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Strategic Export Subsidies and Reciprocal Trade Agreements: The Natural Monopoly Case

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  • Kyle Bagwell
  • Robert W. Staiger

Abstract

Why do governments seek restrictions on the use of export subsidies through reciprocal trade agreements such as GATT? With existing arguments, it is possible to understand GATT's restrictions on export subsidies as representing an inefficient victory of the interests of exporting governments over the interests of importing governments. However, to our knowledge, there does not exist a formal theoretical treatment that provides circumstances under which GATT's restrictions on export subsidies can be given a world-wide efficiency rationale. In this paper, we offer one such treatment in the context of a natural monopoly market. We emphasize that subsidy competition between governments can serve to coordinate the entry decisions of firms, finding that consumers in the importing countries may suffer if the coordination afforded exporters by government subsidy programs does more to prevent entry than to promote it. In such circumstances, we show that the existence of export subsidy programs can lead to inefficiencies, and importing countries and the world as a whole can be better off when such programs are banned.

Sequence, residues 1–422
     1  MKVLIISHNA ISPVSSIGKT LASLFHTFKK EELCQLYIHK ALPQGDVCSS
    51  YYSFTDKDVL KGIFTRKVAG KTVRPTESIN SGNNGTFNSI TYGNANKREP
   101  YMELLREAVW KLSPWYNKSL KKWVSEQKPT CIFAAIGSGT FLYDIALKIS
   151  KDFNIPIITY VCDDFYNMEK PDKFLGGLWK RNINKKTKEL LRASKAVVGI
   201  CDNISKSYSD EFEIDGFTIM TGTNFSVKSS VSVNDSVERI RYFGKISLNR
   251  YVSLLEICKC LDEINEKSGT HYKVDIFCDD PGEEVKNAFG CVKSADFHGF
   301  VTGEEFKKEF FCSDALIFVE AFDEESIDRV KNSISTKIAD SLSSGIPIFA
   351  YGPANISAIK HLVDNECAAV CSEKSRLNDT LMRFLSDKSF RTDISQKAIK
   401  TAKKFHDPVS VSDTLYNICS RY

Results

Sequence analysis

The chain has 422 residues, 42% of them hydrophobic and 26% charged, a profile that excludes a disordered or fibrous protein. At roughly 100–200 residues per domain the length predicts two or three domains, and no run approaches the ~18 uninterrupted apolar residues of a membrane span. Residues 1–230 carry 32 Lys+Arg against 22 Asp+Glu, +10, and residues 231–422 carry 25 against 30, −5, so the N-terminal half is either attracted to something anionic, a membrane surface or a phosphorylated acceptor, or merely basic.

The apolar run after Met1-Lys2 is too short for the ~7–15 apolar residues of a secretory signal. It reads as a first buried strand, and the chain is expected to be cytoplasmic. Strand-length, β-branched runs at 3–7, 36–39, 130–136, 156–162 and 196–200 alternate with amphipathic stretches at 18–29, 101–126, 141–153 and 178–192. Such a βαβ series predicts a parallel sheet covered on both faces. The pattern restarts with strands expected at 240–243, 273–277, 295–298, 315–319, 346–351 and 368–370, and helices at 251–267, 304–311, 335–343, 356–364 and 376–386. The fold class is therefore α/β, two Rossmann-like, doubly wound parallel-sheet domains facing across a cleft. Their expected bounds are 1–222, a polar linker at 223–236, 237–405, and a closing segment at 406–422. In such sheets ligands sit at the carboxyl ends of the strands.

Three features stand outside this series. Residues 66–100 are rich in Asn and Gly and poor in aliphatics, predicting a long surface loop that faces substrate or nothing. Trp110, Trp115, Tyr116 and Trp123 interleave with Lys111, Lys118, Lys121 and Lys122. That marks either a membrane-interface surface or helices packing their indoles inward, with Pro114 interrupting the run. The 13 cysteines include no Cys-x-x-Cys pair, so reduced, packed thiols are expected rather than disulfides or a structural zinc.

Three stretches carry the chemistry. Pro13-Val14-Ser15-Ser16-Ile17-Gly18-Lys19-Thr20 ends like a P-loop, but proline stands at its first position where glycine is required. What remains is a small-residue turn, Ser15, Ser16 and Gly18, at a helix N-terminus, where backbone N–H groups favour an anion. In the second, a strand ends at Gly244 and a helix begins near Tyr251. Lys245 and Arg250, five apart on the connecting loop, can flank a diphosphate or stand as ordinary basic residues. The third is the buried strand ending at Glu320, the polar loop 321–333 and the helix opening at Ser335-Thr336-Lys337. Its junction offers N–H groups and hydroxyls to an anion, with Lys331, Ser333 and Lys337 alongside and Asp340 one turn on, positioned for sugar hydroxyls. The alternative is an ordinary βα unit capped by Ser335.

Suggested Citation

  • Kyle Bagwell & Robert W. Staiger, 1996. "Strategic Export Subsidies and Reciprocal Trade Agreements: The Natural Monopoly Case," NBER Working Papers 5574, National Bureau of Economic Research, Inc.
  • Handle: RePEc:nbr:nberwo:5574
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    References listed on IDEAS

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    1. Bagwell, K. & Staiger, R.W., 1996. "Reciprocal Trade Liberalization," Working papers 9602, Wisconsin Madison - Social Systems.
    2. Varian, Hal R, 1980. "A Model of Sales," American Economic Review, American Economic Association, vol. 70(4), pages 651-659, September.